The freshman class entering the University of Maryland in the fall of 1963 was nearly 7,000 strong. The entire class was brought to campus for 10 days of orientation prior to official registration. The College Park campus is located just eight miles outside Washington, D.C. The drinking age in the nation’s capital was 18, while Maryland had raised it to 21. Evening treks into the District would be routine for the ensuing four years. Long before the advent of designated drivers, the least incapacitated usually took the wheel for the return trip.
With nothing to do on weekends, we were able to attend Martin Luther King’s March on Washington. Sound systems weren’t what they are today, and for those of us halfway down the reflecting pool from the Lincoln Memorial, only bands could be heard clearly. It would be several weeks before I realized King’s “I Have a Dream” speech carried historical significance. Unable to understand the speakers, we spent our time splashing in the water waiting for another musical act. Later, that November, I was reading in my dorm room when someone ran down the hall shouting, “…the president’s been shot in Dallas.” I was overwhelmed with the instant certainty John Kennedy was dead.
That year both the SAT and ACT tests were relatively new, competing with one another to sign up colleges and universities to require applicants to use their questionnaires. Most college-bound high school juniors had taken both tests. It was apparent, even then, there were cultural and class biases in scores. White, middle-class kids generally did better. Now, some 60 years later, the Colorado legislature has banned testing altogether. I should confess there are also a few students who simply have a knack for a multiple-choice format — I was one of them. I’ve aced tests on subjects I knew nothing about. Without taking a physics course in high school, I passed the advanced placement exam and found myself in a class at Maryland where I was the only student who hadn’t completed calculus. I transferred to Physics 101.
Years later, enrolled in a testing class in the psychology department, I learned there are actually two varieties of academic readiness tests — power tests and timed tests. The SAT at that time was more a power test, in the sense that a student was provided sufficient time to answer all the questions asked in the time allotted. Timed tests, like the ACT, measured how many questions you could answer to in the time allotted. Dithering is penalized in timed tests. One of my high school teachers served on a review panel for the ACT and he counseled me, “If you are in doubt, select the best written answer.” His point was that test developers pore over the correct answer to insure it can’t be challenged. Then, they slap together three incorrect and often slipshod answers. It was the best advice I ever got.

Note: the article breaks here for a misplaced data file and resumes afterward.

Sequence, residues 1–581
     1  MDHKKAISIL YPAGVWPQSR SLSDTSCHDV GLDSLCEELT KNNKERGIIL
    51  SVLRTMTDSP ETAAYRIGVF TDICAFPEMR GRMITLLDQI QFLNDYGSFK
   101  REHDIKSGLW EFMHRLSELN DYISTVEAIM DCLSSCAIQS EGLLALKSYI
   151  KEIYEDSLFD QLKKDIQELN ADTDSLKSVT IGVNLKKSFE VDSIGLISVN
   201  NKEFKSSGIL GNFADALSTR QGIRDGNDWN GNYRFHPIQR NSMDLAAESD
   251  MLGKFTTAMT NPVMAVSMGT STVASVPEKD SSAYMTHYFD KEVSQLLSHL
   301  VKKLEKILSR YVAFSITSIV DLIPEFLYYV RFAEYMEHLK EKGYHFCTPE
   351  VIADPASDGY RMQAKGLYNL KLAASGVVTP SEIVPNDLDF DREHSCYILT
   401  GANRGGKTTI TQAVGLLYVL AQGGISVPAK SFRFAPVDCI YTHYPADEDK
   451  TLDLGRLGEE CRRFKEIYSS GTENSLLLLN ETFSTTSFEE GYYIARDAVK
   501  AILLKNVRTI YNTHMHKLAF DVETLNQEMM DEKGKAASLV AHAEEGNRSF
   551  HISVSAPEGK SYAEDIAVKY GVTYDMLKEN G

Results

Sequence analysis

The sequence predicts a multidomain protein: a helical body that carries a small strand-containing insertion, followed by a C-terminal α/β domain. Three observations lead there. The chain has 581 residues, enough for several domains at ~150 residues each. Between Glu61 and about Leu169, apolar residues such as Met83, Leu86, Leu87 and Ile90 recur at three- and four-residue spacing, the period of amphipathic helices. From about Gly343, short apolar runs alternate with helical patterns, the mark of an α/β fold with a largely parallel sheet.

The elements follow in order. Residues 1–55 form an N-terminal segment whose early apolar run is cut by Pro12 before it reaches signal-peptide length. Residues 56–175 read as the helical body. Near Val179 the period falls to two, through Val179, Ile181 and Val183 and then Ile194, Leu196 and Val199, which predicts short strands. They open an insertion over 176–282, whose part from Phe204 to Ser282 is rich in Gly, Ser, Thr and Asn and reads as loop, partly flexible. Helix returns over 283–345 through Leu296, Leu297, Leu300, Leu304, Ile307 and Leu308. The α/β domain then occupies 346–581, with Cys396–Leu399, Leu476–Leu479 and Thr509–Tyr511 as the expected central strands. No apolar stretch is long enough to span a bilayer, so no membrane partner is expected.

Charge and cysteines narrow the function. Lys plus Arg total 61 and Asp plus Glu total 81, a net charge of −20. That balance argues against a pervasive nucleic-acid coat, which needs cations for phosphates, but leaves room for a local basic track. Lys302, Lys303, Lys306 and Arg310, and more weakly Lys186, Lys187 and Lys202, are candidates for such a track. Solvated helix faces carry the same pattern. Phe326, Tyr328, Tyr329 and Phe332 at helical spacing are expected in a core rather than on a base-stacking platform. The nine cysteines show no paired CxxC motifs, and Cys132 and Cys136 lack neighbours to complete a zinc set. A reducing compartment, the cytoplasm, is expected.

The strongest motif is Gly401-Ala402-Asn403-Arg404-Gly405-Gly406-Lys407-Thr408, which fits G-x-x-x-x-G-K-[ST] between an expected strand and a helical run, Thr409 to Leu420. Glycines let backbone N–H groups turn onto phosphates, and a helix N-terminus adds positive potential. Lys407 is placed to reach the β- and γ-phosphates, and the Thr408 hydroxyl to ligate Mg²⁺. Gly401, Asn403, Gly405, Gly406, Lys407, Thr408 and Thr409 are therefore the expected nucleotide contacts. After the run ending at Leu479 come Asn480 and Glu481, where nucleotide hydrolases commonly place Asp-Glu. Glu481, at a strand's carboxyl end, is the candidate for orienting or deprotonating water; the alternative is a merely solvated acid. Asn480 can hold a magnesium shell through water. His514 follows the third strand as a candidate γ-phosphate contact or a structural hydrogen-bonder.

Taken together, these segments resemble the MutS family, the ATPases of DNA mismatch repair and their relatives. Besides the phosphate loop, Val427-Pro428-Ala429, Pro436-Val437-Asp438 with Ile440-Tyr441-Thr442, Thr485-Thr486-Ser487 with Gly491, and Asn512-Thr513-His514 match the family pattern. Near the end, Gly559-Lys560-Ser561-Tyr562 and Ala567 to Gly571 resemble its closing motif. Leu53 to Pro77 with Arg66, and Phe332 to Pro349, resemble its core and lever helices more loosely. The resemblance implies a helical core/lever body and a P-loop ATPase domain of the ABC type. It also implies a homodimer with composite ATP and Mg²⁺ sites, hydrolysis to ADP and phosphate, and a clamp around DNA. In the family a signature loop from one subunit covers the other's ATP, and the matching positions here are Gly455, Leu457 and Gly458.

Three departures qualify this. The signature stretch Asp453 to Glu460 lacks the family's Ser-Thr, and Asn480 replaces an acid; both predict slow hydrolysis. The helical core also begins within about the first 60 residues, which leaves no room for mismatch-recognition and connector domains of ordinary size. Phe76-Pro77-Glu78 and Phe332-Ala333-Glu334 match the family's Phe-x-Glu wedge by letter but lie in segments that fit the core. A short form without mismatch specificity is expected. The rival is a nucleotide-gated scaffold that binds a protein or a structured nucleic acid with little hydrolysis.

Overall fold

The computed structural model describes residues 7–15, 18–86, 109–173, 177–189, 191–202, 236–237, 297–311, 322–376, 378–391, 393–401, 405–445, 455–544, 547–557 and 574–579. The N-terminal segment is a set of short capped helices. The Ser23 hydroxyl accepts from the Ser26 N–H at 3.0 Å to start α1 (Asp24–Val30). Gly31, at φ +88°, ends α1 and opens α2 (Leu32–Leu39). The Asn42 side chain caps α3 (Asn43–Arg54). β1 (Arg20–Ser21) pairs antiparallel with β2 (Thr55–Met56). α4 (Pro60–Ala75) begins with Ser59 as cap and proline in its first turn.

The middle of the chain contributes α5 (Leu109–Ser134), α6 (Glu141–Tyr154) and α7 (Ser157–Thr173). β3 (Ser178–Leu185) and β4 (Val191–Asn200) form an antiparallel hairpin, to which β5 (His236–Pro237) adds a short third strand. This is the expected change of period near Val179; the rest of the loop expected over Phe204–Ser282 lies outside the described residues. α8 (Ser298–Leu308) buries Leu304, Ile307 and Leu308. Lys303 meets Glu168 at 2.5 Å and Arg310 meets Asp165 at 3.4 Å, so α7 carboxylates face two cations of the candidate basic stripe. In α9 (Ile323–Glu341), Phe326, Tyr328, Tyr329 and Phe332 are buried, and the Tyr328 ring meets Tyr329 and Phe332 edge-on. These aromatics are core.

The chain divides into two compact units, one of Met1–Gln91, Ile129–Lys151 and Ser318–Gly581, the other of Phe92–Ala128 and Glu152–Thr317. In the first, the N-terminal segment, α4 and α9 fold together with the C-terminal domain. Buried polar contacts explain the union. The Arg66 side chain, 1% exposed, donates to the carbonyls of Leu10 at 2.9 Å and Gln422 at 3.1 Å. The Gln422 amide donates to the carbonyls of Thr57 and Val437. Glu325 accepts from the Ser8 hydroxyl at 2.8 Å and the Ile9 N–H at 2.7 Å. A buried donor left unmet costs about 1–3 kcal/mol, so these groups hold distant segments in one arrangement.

Undoubtedly, these academic preparedness appraisals have long discriminated against poor kids, minority communities and immigrant children. Yet tossing testing out entirely leaves open the question of how we should determine who is prepared to succeed in college. After decades of insistence on the value of tests, we should pause and ask why higher education institutions have so quickly concurred with their elimination. Could it be that in a world of student loans, higher education really isn’t concerned whether its students succeed? Both conservative and liberal observers have noted the reduction in legislative support for our public colleges and universities, successfully transferring the economic burden onto tuition.
Universities vie with one another to offer the finest amenities today — spectacular athletic facilities, dorms rivaling luxury hotels and the best in fine dining. It wasn’t so long ago the Colorado legislature was debating whether Colorado high schools shouldn’t guarantee their diplomas by reimbursing colleges when incoming freshman require remedial courses to tackle college-level academic demands. We now run the risk of imposing tens of thousands of dollars of debt on the young men and women who lack the academic tools to succeed. There is a growing disconnect between our aspirations and real-life consequences. A handful may succeed who otherwise might never have had the chance, but others will find themselves locked in a debt trap they cannot escape, courtesy of the General Assembly.
On that early Monday morning at College Park in August of 1963 “Tex” Elkins, the university president, asked us to introduce ourselves to the freshman sitting on either side of us. After a few moments of mumbled rustling, Elkins announced, “Neither of the people you just met is likely to graduate from Maryland.” (I was damned sure I would, but this was bad news for my seatmates.) Completion rates aren’t much better today, but taxpayers no longer fund the risk. Students do.